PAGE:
Mailer campaign kicks off tense GOP primary election season
GOP infighting in Pierre has never been a secret, but heading into this year’s primary election, its as prevalent as ever.
PIERRE, S.D. - With voting for primary elections underway in South Dakota, many voters are on the receiving end of a mailer campaign targeted at certain Republican state lawmakers.
Those flyers are being sent out at the behest of Senate President Pro Tempore Lee Schoenbeck (R-Watertown), who says that he is interested in preventing certain state lawmakers from returning to Pierre next year.
“I think that we get better representation if the voters out there know something about the candidates,” Schoenbeck said.
The mailer campaign is being funded by Schoenbeck’s PAC “South Dakota Strong” that he formed in 2021. It is not the first time the veteran Senator has engaged in such campaigns, Schoenbeck targeted several incumbent state lawmakers during the 2020 election cycle as well.
In part, the mailers ask voters to “Drain the Swamp,” and to “vote tax and spend swamp dwellers out!”
So far, four state lawmakers have confirmed that the fliers have gone out in their districts against them: Rep. Bethany Soye (R-Hartford), Rep. Tony Randolph (R-Rapid City), Rep. Spencer Gosch (R-Glenham), and Rep. Tom Pischke (R-Dell Rapids). Gosch and Pischke are both looking to make the jump to the Senate this election cycle.
The flier brings specific attention to HB 1053, which would have allowed counties to raise their sales tax rate by .5% under certain circumstances. All of the targeted lawmakers voted to pass that bill, which was defeated in the Senate.
However, the targeted representatives say that single vote does not tell the whole story. All four voted in favor of reducing the sales tax from 4.5% to 4%. Schoenbeck was the main proponent for raising the sales tax originally in 2016, and voted against lowering it this session. Additionally, all four lawmakers who have been targeted voted to remove the grocery tax, which Schoenbeck and a majority of the Senate also opposed.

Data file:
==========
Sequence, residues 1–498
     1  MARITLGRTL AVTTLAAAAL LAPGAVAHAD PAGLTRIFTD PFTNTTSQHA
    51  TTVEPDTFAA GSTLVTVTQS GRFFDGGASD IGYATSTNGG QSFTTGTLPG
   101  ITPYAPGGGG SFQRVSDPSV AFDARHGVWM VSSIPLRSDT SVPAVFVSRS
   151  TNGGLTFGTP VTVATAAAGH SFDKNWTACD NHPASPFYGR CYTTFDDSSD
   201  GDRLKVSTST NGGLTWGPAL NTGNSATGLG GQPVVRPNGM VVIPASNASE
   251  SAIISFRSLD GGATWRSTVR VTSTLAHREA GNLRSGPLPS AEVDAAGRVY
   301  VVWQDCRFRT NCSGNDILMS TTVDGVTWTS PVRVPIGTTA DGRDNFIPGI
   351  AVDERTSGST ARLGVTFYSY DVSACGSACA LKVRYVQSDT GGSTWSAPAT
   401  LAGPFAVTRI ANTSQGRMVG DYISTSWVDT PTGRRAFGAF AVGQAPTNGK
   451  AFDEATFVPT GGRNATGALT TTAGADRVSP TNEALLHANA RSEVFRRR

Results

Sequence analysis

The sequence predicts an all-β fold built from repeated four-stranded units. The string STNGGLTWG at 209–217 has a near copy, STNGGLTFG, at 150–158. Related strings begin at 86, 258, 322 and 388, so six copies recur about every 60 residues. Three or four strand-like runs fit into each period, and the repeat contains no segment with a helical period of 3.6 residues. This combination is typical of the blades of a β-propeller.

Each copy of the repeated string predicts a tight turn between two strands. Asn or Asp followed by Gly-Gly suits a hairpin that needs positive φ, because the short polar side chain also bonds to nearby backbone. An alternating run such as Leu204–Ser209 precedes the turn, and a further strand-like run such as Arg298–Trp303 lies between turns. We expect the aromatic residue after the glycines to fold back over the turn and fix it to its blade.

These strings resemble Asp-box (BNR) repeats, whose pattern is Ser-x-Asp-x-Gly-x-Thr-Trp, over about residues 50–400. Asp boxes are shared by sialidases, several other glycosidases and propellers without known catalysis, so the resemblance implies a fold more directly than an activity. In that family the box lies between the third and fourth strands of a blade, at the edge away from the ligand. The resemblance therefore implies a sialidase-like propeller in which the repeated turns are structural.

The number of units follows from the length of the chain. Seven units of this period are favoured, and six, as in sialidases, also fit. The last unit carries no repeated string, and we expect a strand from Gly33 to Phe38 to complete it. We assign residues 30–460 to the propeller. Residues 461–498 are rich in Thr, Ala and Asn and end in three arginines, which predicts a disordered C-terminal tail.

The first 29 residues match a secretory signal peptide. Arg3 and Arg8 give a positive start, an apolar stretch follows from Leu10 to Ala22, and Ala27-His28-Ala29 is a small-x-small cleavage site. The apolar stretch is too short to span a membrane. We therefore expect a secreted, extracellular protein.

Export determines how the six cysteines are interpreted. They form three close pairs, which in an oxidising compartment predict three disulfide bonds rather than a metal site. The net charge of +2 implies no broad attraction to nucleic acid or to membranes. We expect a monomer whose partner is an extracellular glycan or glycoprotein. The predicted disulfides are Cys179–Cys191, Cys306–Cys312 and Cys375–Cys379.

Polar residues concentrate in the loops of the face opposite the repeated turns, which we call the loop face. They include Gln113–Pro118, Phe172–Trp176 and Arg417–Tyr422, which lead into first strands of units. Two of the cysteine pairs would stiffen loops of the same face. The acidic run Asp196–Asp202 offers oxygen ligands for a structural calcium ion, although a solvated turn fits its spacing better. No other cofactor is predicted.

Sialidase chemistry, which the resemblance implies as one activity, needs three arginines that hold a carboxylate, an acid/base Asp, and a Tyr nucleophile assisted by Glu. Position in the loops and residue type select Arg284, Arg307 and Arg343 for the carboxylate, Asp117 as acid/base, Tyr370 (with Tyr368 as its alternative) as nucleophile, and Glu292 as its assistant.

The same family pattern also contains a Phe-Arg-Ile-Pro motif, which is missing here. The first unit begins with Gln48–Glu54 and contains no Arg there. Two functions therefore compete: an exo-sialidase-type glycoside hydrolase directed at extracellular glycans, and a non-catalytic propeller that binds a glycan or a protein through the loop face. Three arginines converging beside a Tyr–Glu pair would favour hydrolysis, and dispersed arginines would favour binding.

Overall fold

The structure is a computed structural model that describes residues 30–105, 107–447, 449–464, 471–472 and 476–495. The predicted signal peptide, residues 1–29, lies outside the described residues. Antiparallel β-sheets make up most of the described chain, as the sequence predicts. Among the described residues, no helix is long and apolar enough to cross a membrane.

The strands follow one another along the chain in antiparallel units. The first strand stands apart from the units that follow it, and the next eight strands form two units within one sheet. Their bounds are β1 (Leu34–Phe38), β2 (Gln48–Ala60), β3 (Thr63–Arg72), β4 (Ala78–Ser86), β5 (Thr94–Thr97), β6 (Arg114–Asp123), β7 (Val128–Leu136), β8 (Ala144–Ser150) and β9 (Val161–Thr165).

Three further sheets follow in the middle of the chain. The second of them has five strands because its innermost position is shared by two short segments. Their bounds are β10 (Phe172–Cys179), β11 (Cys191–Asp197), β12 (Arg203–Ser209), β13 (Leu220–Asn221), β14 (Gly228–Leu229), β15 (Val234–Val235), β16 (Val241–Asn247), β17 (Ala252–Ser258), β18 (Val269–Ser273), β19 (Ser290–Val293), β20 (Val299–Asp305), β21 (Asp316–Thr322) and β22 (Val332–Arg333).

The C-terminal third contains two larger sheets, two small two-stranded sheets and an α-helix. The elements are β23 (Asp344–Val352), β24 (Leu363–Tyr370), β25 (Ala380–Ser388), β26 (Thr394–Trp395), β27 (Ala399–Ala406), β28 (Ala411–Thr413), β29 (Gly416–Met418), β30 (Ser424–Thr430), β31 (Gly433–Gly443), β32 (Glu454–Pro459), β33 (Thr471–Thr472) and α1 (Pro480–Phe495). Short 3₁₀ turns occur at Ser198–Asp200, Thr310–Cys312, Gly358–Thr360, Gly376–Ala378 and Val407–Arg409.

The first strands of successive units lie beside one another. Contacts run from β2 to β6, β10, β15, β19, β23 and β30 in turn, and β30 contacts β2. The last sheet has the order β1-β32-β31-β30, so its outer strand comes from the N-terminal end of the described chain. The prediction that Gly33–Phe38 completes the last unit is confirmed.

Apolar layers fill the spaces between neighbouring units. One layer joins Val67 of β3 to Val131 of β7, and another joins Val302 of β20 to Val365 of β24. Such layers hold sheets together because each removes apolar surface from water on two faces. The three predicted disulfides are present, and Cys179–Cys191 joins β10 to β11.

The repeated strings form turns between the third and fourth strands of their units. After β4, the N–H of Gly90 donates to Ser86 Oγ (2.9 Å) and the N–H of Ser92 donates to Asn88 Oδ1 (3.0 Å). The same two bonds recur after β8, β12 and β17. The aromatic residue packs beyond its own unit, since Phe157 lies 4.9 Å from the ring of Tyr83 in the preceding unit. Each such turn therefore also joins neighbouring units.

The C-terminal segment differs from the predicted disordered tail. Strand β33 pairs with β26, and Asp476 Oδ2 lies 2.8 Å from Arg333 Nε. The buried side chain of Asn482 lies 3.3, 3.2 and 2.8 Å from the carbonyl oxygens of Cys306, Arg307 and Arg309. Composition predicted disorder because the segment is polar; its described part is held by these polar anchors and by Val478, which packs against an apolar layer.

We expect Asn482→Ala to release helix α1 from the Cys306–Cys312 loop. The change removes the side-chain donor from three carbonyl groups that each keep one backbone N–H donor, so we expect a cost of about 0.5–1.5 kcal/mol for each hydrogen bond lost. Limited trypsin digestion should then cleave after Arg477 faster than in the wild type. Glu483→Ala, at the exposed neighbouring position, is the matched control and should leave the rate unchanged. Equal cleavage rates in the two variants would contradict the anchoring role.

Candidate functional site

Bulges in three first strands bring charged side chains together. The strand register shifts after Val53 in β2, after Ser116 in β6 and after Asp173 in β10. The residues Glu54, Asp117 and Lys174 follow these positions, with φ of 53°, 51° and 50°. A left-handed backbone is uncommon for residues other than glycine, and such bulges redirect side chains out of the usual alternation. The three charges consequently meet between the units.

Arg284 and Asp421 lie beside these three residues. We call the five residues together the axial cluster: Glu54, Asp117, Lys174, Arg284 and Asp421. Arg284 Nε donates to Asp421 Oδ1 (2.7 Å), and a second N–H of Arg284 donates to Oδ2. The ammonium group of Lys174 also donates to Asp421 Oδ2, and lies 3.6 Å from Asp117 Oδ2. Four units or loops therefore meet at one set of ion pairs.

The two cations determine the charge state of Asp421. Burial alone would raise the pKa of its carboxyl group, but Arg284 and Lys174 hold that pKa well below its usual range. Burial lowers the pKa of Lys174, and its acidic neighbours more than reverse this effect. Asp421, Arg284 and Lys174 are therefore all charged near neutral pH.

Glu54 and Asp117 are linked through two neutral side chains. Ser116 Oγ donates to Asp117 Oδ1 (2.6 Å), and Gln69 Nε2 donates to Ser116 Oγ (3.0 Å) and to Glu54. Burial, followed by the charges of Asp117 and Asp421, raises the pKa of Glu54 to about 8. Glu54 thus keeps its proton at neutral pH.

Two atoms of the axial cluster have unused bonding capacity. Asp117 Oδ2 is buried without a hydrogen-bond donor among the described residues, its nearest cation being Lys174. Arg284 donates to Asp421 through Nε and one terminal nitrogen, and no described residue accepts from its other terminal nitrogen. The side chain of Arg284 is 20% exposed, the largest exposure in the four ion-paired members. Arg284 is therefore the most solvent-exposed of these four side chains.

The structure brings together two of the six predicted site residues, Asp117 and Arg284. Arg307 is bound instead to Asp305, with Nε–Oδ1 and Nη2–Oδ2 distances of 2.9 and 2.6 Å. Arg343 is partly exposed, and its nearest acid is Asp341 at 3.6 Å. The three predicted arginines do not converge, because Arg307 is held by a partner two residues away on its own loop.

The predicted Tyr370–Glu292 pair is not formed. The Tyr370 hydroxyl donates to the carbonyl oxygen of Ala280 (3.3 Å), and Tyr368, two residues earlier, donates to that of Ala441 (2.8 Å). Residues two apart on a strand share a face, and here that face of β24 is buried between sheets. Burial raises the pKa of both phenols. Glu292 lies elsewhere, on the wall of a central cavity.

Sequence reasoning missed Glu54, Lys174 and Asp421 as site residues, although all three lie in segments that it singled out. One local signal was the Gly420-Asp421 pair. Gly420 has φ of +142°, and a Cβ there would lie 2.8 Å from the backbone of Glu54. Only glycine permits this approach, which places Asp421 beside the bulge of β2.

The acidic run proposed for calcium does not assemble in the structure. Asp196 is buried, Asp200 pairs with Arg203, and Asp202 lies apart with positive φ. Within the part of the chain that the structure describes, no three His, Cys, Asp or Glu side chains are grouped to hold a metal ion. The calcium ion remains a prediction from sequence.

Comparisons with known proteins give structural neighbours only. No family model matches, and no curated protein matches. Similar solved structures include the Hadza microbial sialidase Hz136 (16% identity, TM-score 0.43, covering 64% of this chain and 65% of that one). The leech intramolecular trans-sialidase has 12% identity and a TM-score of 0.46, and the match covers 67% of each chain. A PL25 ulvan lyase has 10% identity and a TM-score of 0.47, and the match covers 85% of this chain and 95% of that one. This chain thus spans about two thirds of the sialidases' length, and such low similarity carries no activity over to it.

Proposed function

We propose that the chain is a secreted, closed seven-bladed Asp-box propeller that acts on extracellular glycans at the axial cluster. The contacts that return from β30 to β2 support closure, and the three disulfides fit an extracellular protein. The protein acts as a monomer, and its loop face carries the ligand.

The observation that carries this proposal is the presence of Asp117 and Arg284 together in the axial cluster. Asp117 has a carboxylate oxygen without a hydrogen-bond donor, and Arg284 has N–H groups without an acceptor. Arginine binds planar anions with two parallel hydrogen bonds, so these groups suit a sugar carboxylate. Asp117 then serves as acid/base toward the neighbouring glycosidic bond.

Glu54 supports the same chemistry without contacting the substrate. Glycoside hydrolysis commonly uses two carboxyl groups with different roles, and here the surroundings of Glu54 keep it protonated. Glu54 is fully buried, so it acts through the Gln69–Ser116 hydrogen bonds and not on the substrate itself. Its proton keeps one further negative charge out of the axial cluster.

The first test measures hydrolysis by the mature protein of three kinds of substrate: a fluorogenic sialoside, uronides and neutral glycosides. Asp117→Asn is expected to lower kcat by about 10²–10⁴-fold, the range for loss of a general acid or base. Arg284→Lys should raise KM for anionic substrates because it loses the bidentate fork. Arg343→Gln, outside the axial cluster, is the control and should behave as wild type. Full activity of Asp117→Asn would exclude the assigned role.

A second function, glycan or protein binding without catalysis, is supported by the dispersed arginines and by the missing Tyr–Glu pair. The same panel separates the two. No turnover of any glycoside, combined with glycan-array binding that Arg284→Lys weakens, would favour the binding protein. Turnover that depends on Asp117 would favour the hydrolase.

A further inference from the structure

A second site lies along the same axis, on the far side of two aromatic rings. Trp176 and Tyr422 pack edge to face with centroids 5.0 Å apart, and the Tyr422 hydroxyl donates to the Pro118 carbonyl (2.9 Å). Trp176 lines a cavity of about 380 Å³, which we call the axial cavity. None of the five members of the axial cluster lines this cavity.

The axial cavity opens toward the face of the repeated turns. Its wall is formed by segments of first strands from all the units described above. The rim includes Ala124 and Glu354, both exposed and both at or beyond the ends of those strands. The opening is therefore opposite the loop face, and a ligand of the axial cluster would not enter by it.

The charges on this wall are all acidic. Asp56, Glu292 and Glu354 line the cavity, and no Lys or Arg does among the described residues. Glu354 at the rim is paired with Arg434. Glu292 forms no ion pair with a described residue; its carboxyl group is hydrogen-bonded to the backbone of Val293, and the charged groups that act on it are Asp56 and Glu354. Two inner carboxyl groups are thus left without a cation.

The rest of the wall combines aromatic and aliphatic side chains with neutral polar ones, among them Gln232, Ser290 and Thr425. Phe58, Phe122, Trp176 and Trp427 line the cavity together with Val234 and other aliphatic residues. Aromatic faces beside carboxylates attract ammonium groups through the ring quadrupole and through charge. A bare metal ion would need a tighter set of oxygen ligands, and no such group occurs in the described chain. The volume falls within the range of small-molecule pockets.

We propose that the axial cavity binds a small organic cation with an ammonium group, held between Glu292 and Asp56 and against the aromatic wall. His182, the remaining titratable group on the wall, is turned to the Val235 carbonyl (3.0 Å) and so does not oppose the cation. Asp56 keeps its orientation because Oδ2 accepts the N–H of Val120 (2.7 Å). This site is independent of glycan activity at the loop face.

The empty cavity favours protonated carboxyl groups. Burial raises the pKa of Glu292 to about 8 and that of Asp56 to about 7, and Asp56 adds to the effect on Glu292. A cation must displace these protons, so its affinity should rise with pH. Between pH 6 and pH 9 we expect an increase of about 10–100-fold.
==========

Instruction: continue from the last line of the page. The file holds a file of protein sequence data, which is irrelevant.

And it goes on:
The targeted Representatives all said voters should look at their voting records historically, and how they score with certain conservative scorecards like Americans for Prosperity, before coming to any judgements.
“The desire is to have more control of the legislature,” said Randolph. “I would say that it is the biggest agenda of Schoenbeck, is to have more control.”
Schoenbeck says that it’s ironic the House sent over a bill cutting the sales tax, and another allowing counties to raise it in the same week.
“I think that public officials have a duty to get out, when you have these strange people running for office, public officials have a duty to campaign against them,” Schoenbeck explained. “You can’t be back here complaining when someone like Pischke, who is as strange as they come, gets elected to the legislature and you didn’t do anything to tell his voters about him.”
“The liberal leader of the Senate, Lee Schoenbeck, is really worried about losing his power over the entire Senate,” Pischke responded. “He knows I am not someone he can control, he knows that I am not someone who is going to follow his liberal ways. He’s worried about me getting elected to the Senate in District 25.”
Early voting has already started across South Dakota, the final day to vote in the primaries is June 7th.
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